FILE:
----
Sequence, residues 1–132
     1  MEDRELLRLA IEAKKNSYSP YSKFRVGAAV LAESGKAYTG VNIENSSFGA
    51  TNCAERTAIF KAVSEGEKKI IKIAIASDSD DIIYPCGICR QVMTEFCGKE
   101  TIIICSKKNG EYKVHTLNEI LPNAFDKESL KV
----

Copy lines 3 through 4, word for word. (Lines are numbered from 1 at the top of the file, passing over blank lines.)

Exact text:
    51  TNCAERTAIF KAVSEGEKKI IKIAIASDSD DIIYPCGICR QVMTEFCGKE
   101  TIIICSKKNG EYKVHTLNEI LPNAFDKESL KV